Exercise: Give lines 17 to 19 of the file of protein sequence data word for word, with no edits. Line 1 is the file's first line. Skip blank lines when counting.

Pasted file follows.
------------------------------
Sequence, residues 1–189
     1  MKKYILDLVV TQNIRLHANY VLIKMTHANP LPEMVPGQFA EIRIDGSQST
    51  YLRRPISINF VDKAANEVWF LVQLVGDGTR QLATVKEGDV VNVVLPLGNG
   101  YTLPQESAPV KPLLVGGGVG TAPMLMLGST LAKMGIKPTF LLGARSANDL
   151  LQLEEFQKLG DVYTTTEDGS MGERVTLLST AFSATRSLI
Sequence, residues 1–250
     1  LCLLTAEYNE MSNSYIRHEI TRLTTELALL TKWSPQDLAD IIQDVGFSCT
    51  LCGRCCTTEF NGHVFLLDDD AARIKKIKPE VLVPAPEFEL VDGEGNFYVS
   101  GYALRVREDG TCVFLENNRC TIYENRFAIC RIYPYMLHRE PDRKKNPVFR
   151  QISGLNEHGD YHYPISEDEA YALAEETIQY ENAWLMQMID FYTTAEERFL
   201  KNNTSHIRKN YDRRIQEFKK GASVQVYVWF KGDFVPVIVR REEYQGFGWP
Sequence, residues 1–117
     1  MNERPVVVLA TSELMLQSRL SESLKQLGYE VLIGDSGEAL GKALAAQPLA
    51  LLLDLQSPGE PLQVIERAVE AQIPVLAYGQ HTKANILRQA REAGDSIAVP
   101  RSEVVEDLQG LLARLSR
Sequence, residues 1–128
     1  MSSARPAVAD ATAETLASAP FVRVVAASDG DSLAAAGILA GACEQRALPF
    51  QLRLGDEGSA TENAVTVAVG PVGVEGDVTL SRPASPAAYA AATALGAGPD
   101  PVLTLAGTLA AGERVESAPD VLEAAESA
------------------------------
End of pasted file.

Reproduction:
     1  MSSARPAVAD ATAETLASAP FVRVVAASDG DSLAAAGILA GACEQRALPF
    51  QLRLGDEGSA TENAVTVAVG PVGVEGDVTL SRPASPAAYA AATALGAGPD
   101  PVLTLAGTLA AGERVESAPD VLEAAESA